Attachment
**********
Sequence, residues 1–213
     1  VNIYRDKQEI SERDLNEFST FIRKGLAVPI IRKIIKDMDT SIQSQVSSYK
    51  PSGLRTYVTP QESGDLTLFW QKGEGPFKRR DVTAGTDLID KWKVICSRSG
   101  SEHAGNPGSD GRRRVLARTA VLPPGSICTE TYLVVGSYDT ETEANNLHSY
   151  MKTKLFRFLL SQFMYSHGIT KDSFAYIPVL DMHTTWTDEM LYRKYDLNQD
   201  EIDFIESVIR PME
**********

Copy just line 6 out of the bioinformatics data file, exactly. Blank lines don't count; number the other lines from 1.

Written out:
   201  EIDFIESVIR PME